Why We Recommend Cat Vaccinations in Milwaukee WI
Even if your cat spends their whole life indoors, they could still be at risk for viral infection. At The Cat Doctor, we recommend vaccinations for all cats to build up and maintain their immunity to rabies, feline parvovirus (FP), and other diseases. To make vaccines as safe as possible for your feline family member, we space out their booster shots and only give them the vaccines they genuinely need for their protection. If you want to find out which vaccines your cat requires to live a healthier life, we’ll be happy to evaluate their health history and offer recommendations.
Common Disease Risks for Cats
With the help of cat vaccines, many harmful diseases that were once highly prevalent are now much scarcer, and we hope to keep them scarce.
The most common diseases include:
The rabies virus is notoriously fatal, and among domestic animals, cats are the ones most often reported in rabies cases. Therefore, it’s essential to have them vaccinated against this disease. Rabies affects the central nervous system, causing significant changes including aggressiveness, loss of appetite, seizures, and eventually paralysis.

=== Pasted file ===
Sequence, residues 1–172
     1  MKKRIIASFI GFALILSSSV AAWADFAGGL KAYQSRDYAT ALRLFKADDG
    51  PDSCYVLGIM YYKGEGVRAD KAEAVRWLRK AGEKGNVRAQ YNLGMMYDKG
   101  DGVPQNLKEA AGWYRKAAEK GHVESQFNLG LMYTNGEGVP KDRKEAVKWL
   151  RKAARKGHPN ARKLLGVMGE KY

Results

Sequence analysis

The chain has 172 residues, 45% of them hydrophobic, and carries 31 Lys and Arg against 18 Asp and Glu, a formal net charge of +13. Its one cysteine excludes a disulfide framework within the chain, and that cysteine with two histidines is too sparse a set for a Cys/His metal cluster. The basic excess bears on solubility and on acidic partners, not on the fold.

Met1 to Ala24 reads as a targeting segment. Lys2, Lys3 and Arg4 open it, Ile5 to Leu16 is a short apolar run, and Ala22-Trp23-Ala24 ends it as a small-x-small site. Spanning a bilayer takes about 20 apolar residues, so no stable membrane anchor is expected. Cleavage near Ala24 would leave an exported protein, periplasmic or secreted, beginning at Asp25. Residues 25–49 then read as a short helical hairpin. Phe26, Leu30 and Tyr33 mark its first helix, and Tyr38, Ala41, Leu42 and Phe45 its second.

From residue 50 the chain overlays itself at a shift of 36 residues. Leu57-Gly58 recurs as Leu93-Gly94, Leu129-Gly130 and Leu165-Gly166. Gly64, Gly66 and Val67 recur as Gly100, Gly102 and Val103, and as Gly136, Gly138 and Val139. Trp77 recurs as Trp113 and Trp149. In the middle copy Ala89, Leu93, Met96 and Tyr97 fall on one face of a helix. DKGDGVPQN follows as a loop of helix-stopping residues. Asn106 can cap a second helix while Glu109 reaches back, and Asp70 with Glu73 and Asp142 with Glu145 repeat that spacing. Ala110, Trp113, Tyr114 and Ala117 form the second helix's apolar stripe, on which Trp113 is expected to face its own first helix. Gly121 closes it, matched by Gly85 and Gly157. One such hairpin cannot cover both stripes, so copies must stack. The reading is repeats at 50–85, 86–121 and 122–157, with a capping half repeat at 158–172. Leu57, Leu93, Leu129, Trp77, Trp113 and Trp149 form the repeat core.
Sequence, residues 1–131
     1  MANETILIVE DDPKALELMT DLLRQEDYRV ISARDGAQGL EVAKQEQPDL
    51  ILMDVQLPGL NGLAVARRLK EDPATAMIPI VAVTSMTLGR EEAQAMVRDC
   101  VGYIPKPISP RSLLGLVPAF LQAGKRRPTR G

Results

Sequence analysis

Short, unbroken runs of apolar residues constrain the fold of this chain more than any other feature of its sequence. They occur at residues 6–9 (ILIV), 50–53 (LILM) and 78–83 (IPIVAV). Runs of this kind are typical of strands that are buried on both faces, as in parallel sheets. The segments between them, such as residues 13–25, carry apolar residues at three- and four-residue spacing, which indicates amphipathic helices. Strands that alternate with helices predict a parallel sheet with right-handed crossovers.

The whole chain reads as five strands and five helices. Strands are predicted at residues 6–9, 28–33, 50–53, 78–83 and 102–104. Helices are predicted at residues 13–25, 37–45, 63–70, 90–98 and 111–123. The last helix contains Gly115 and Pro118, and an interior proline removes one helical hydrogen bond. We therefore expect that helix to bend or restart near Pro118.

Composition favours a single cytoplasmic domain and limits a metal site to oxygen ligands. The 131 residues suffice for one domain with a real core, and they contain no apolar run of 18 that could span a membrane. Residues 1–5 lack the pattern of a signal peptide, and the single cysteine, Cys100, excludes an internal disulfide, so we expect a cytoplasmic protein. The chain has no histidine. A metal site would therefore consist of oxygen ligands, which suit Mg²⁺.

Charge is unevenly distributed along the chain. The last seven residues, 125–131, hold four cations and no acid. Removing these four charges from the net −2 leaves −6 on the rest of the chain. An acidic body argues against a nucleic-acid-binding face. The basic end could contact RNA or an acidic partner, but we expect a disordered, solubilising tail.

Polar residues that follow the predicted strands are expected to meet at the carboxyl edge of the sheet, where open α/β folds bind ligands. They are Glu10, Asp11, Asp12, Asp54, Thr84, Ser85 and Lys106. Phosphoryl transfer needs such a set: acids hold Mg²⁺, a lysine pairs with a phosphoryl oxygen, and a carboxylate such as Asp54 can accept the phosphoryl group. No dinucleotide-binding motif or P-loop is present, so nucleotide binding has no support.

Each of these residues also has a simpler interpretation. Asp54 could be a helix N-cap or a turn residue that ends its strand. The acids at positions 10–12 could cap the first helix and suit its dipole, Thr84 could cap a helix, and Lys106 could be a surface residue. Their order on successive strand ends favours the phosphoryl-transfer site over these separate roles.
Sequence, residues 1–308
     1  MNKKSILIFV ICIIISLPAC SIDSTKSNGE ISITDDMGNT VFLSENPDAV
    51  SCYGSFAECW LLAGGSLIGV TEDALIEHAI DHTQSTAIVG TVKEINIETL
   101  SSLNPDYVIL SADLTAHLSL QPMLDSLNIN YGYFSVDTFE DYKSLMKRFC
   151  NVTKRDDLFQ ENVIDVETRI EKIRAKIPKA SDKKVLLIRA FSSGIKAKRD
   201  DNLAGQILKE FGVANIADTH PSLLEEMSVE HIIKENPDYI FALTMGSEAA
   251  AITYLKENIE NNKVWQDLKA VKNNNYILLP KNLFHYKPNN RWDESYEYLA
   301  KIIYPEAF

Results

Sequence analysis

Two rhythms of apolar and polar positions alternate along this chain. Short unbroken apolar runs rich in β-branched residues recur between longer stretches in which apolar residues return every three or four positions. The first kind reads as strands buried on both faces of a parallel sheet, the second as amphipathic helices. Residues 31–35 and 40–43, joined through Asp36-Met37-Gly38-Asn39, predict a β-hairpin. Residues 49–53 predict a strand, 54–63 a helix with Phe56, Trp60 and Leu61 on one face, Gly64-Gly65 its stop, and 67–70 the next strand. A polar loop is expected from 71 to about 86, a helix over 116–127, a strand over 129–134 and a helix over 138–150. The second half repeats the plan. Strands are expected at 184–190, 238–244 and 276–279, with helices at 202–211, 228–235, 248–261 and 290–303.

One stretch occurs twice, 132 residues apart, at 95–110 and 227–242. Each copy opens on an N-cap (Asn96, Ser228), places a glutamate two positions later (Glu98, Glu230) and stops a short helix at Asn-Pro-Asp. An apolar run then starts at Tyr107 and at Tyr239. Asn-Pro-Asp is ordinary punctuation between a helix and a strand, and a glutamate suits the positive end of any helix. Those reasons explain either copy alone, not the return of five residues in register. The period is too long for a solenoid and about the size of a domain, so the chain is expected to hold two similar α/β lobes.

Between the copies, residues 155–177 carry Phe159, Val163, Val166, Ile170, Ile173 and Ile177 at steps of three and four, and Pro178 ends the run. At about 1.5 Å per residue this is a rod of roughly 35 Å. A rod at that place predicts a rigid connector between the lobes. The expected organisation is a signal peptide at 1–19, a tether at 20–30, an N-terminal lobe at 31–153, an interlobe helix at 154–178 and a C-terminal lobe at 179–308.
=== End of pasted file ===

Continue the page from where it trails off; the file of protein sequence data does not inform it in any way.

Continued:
Feline Panleukopenia (Parvovirus)
Feline panleukopenia is an extremely infectious disease caused by the feline parvovirus (FPV). Clinical signs typically include vomiting, diarrhea, fever, lethargy, and anorexia. This life-threatening disease can be transmitted via contact with contaminated surfaces, such as litter boxes, food and water bowls, cages, etc.
Feline leukemia is a retrovirus that affects approximately 2-3% of domestic cats in the US. The virus is shed in feces, urine, saliva, nasal secretions, and even milk in infected mothers, who can then pass on the disease to their kittens. Clinical signs of FeLV include appetite loss, fever, weight loss, diarrhea, poor coat condition, and pale gums.
There are several stages of infection a cat might experience:
- Abortive infection: The cat’s immune system is able to eliminate the virus entirely (rare).
- Regressive infection: The cat’s immune system is able to eliminate most of the virus from the body, but they still have some DNA left over that can be reactivated in the future.
- Progressive infection: The cat has the virus in their bloodstream, is able to infect other cats, and will likely show clinical signs of the disease.
Vaccination and minimal contact with stray/outdoor cats is the most effective way to prevent infection. Additionally, cats that have been diagnosed with FeLV should not be housed with infection-free cats.
When Should I Have My Cat Vaccinated?
Cats should begin their first booster series at 6-8 weeks old. Once a kitten has been weaned, the antibodies they received from their mother’s milk will begin to fade, leaving them vulnerable to infection. The first year of your kitten’s life is a crucial time for building up their resistance to illness so they can grow up healthy and happy.
If you have questions about vaccinating your cat or want to get them started on their booster shots, call us at (414) 272-2287.